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Environmental Inequalities Beyond Borders: Local Perspectives on Global Injustices (Urban and Industrial Environments) Paperback – April 4, 2011
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[A] far-reaching and deeply engaging look at…issues in international environmental law.(Luke Boughen International Environmental Agreements)
This work…is an excellent compilation of case studies…to 'illustrate how a globalized world is fundamentally altering the environmental justice terrain.' The examples are unique and engaging. Highly recommended.
With valuable practical and theoretical contributions, the global scope of this volume is admirable. The book well serves its primary audience: scholars and development professionals interested in justice-oriented dimensions of globalization and environmental inequality.(Human Ecology)
Carmin and Agyeman have edited an excellent and broad-ranging collection on the relationship between global practices and local conditions. The contributors offer new empirical studies of environmental injustices and resistance, from South Africa to China and Fiji to Ecuador. Together, they advance our understanding of the experience and practice of environmental justice in important new transnational directions. Comprehensive and innovative.(David Schlosberg, Professor of Politics and International Relations, University of Sydney)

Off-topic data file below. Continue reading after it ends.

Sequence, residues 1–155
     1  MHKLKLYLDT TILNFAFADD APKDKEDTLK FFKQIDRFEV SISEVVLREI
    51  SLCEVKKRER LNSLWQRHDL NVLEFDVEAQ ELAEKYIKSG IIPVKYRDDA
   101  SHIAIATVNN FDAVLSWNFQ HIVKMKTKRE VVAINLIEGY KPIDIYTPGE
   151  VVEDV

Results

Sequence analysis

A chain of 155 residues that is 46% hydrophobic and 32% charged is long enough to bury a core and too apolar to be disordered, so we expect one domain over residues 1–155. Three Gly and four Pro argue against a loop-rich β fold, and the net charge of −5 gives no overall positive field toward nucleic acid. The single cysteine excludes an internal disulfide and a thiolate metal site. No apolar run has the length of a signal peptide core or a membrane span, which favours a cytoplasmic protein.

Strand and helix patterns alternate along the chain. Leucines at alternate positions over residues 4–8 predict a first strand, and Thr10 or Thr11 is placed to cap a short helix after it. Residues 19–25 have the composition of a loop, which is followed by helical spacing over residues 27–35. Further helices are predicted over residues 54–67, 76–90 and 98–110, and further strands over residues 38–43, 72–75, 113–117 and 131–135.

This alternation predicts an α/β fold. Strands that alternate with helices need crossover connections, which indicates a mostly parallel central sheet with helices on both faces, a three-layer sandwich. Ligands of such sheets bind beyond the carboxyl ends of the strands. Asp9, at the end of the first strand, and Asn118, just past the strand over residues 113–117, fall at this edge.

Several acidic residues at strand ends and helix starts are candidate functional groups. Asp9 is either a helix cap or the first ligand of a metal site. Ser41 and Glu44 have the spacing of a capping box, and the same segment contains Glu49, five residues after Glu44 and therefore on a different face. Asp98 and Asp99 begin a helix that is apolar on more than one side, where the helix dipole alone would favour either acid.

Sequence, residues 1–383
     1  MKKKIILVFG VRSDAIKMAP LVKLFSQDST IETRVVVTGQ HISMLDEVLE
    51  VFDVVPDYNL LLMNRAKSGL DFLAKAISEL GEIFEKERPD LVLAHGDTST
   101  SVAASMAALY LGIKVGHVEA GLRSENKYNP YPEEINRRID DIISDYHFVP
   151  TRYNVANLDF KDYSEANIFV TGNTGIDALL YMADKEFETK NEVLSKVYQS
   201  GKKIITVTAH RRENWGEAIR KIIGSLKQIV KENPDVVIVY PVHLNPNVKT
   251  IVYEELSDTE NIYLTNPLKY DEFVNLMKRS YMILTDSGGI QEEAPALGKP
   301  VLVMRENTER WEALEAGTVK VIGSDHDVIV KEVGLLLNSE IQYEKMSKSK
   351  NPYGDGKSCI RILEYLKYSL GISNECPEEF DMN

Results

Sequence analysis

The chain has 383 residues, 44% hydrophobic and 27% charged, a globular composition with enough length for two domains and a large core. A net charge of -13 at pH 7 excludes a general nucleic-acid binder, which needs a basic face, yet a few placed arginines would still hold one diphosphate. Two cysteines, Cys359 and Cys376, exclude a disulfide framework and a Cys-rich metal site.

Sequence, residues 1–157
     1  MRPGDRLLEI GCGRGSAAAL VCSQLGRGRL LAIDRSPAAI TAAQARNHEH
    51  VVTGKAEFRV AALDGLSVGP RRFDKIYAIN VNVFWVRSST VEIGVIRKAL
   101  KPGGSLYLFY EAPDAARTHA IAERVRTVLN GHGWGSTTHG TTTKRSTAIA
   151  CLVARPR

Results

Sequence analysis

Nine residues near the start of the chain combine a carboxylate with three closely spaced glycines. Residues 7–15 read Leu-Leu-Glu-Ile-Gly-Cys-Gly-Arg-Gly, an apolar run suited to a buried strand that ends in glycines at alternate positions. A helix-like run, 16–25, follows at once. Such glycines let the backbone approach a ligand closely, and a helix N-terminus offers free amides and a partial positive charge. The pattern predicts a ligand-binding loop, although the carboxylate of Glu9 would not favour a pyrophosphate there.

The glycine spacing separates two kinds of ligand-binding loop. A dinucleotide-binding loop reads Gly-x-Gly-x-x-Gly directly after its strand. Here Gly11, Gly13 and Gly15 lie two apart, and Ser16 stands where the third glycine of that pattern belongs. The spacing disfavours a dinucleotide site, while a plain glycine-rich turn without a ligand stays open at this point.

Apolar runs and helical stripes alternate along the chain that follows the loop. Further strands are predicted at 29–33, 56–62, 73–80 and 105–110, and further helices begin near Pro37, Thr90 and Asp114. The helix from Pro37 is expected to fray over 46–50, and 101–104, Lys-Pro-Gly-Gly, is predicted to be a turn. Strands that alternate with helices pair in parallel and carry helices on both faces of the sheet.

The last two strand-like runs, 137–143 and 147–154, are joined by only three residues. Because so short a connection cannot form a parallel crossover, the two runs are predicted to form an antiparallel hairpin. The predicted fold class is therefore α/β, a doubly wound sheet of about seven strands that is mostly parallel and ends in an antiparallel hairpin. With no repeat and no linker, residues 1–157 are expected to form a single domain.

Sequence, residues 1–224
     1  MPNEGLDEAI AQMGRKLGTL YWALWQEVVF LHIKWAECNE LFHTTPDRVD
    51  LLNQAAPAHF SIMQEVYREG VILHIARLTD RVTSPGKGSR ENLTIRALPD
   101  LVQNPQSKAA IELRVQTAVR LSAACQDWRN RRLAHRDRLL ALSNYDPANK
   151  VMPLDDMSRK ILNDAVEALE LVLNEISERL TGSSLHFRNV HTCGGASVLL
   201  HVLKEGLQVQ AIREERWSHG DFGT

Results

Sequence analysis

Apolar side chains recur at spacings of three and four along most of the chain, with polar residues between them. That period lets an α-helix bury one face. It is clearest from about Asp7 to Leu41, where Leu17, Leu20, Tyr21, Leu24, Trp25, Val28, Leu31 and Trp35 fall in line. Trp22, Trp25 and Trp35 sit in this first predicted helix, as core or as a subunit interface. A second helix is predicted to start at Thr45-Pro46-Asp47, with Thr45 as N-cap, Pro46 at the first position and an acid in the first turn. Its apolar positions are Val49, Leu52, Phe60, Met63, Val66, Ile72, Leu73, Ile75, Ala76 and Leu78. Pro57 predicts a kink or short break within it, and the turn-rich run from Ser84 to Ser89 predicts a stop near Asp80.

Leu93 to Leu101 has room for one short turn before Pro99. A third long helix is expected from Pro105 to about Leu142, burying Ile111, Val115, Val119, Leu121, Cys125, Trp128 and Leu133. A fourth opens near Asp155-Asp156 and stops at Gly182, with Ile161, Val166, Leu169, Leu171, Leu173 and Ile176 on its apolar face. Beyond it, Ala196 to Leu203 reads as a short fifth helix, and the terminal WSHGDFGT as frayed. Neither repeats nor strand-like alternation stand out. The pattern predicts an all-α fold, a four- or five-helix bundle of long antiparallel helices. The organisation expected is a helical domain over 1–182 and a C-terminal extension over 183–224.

Global production and consumption chains are vastly increasing the distance between those who benefit from and those who have to deal with the impacts of mining, disposal, and industrial pollution. Meanwhile, global inequality is growing and morphing, and institutions are struggling to cope. Carmin and Agyeman's collection represents a substantial contribution to our understanding of this new 'spatial injustice.'(J. Timmons Robert, Director, Center for Environmental Studies, Brown University, and author of A Climate of Injustice)
This book is a shining example of engaged scholarship. Carmin and Agyeman aim to advance our understanding of, and ability to act upon, environmental inequalities around the world, and they achieve this twofold objective nicely. In my field of urban and regional planning, the role of institutions that the book highlights is increasingly key, and I see this book as a solid contribution to my field as well as to sociology, political science, anthropology, international studies, ethnic studies, and environmental health studies.(Keith Pezzoli Urban Studies and Planning Program, University of California, San Diego)
About the Author
JoAnn Carmin is Associate Professor of Environmental Policy and Planning in the Department of Urban Studies and Planning at MIT.
Julian Agyeman is Professor and Chair of the Department of Urban and Environmental Policy and Planning at Tufts University.
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